The theory of good figure in gestalt design is when we perceive ambiguous shapes as simple as possible. It’s also known as the law of good figure, or prägnanz in German.

The Olympics logo is a classic example of gestalt design. How would you describe it? If you’d describe it as five overlapping circles, that’s the law of good figure in action. Seeing it as a combination of curvy lines would be more complicated to comprehend, so we automatically perceive it as overlapping circles instead.


3. Proximity

The principle of proximity in gestalt psychology relies on the fact that we define whether elements are related based on distance. Elements placed close to each other are deemed more related than elements set far apart.

Your audience will recognize individual elements clustered together in one area or group as one entity.


4. Continuation

The gestalt principle of continuation posits the human eye will follow the smoothest path. We see elements that are on the same line or curve as more related than those outside of the path.

This continuity perception is a valuable tool for directing your visitors through elements a certain way.

Our eyes naturally follow lines, so if you want to draw attention from one item to the next, it’s wise to quite literally put them in line. Horizontal sliders and social media carousels are both examples that take advantage of this principle.


5. Closure

Closure is the idea that your brain can automatically fill in the blanks when looking at an image or design.

We try to bring meaning and order to any meaningless chaos. Our eyes do that via reification: making sense of something by filling in missing data.

A simple example is your eyes following along with a dotted line. The World Wildlife Fund logo is a famous example of a more complex application. The outline of the panda isn’t complete; large chunks are missing. However, your brain has no problem filling those in automatically.


6. Figure/ground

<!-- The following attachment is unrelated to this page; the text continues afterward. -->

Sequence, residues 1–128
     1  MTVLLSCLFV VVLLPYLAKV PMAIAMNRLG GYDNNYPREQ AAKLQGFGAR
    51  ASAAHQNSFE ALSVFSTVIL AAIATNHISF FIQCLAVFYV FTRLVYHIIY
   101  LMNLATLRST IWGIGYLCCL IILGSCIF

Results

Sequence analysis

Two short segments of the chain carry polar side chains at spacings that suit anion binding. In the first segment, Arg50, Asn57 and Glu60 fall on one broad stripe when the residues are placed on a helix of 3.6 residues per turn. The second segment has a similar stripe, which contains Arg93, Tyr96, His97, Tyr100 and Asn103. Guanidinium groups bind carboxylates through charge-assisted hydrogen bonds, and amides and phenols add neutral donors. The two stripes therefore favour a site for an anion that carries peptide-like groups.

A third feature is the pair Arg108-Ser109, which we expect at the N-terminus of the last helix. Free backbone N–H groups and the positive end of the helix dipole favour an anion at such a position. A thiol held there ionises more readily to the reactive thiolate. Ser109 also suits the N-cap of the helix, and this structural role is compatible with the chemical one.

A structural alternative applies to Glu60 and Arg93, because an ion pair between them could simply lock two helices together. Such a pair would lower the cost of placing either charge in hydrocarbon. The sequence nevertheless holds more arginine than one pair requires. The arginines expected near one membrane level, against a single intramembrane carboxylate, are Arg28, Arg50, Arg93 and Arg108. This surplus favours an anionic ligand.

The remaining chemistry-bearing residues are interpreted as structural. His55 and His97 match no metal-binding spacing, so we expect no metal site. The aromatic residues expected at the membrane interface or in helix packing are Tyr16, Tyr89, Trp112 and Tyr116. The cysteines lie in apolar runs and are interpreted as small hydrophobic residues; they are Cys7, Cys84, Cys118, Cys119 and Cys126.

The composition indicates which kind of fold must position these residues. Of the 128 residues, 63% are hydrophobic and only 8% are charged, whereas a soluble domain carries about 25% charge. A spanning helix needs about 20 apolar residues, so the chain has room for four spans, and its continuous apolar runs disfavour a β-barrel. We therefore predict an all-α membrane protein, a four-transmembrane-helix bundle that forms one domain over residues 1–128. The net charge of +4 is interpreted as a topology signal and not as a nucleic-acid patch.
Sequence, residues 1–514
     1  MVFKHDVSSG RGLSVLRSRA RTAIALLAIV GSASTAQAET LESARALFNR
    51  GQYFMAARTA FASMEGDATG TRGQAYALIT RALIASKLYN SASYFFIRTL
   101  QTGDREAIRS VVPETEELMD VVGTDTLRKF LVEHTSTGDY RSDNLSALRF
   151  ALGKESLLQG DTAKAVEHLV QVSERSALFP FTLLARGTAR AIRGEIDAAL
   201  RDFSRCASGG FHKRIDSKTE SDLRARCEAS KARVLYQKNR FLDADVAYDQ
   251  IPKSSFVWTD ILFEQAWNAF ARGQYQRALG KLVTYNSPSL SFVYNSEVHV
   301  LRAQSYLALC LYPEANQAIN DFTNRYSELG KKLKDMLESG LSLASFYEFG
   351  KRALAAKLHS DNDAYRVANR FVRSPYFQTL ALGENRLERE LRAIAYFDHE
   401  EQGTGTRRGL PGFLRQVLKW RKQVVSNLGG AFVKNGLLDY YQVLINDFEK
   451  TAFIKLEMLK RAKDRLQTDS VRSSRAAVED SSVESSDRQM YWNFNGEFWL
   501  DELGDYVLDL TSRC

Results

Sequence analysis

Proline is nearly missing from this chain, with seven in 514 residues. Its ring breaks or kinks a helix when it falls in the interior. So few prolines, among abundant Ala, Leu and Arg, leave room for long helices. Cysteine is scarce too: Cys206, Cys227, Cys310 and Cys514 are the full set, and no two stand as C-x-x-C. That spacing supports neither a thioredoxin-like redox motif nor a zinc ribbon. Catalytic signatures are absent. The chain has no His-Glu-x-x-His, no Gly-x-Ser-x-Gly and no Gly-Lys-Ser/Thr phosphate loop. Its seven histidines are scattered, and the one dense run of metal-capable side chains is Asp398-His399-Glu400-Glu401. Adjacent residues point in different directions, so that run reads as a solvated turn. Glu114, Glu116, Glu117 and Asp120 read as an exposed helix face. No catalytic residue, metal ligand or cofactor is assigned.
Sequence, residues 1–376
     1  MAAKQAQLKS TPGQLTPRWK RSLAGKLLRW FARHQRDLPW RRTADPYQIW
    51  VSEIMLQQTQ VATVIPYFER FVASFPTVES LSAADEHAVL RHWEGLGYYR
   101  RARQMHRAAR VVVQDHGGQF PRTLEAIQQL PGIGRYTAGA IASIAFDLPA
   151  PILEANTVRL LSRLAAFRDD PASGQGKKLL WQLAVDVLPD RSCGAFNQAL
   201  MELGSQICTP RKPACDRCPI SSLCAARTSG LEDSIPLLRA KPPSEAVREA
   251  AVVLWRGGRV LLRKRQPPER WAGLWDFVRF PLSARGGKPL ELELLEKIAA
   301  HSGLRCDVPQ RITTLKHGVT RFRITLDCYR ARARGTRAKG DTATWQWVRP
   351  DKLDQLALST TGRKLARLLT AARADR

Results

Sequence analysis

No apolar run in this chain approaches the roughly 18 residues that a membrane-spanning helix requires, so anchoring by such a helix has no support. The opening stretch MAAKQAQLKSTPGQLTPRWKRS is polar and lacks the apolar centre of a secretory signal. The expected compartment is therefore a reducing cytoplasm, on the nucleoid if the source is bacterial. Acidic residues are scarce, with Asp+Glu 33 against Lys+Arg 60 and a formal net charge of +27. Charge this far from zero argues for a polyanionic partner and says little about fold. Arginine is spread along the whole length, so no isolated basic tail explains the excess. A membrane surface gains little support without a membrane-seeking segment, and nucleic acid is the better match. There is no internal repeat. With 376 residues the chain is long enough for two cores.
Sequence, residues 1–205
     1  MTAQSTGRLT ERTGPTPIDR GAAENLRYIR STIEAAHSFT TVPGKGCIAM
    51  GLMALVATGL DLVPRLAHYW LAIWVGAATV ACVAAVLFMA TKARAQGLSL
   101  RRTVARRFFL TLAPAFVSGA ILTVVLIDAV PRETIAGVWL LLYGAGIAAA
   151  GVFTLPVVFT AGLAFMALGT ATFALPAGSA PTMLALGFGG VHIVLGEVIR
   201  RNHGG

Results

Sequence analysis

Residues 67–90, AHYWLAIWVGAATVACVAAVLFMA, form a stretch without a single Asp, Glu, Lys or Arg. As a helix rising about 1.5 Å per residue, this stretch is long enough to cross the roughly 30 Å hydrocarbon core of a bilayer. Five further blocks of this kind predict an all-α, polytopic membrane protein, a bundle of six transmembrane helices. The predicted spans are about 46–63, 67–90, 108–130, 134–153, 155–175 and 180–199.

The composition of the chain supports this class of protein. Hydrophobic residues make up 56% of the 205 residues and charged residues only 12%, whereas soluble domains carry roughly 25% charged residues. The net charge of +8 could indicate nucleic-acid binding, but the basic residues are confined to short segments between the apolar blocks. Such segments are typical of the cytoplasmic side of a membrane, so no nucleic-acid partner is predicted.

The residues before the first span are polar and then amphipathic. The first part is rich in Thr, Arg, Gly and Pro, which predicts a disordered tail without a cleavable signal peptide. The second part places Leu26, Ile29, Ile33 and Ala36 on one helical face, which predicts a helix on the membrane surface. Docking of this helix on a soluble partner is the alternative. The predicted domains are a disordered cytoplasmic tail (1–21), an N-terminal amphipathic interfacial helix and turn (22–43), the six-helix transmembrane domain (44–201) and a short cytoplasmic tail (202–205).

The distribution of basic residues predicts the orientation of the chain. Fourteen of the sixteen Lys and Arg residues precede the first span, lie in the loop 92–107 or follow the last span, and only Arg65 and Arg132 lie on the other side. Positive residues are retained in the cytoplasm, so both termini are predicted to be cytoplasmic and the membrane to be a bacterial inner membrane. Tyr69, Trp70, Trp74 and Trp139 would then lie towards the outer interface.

Also known as the principle or law of perception, this gestalt idea posits that people instinctively perceive objects as either figure (the focal point) or ground (background). This means our brain automatically distinguishes elements in the foreground or background of an image.

Things get interesting when the foreground and background both contain distinct images, like this film poster for Peter and the Wolf:


The fox poses in a way that the negative space creates the profile of a boy, presumably Peter. This is an excellent example of gestalt design showing how to use negative space creatively.

Newer principles

More recently, the principle of common fate or synchrony was added to the gestalt principles. The principle states that we group things that are either moving or pointing in the same direction.

It often refers to a group of individual elements, but since they move seemingly as one, our brains group them and treat them as a single stimulus. Elements don’t necessarily have to move, but they do have to give the impression of motion.

An example in our surroundings is a flock of birds. Rather than processing every bird as a distinct element, we see the flock as an entity.

Gestalt principles in graphic design

From the 1920s, designers began incorporating gestalt principles in their work. It led designers to believe that we all share specific characteristics in perceiving visual objects. Therefore, we all have a natural ability to see ‘good’ design.

After all, gestalt psychology and graphic design have a lot in common. Both rely heavily on creative problem-solving. Gestalt design is a natural forthcoming combining the two.

Embracing gestalt design can positively affect your design and how others perceive it. Similarity can create cohesiveness, leading to recognition of your brand, for example.

It allows for visual hierarchy, ensuring that the most critical element attracts attention first. Additionally, gestalt principles help take the guesswork out of design, minimizing confusion and frustration among viewers.


Final thoughts

These principles also give you a glimpse of what is happening behind the scenes of a design process. It goes to show how much more graphic design is than just a pretty image.

Familiarizing yourself with basic design principles such as the principles of gestalt will help you identify good design. This is a vital skill for any designer, but it’s just as essential to anyone who requests design.

Get your scroll-stopping design the attention it deserves by implementing the gestalt principles. The what now? Don’t worry - we’ll break them down for you.

Get a taste of what we do!

Enjoyed the read? Get inspired with some of ManyPixels best work by downloading our design portfolio.

Wait... there’s more!

Enjoyed the read? Subscribe to our mailing list for all the latest tips, how-tos and news on graphic design and marketing.

Oops! Something went wrong while submitting the form.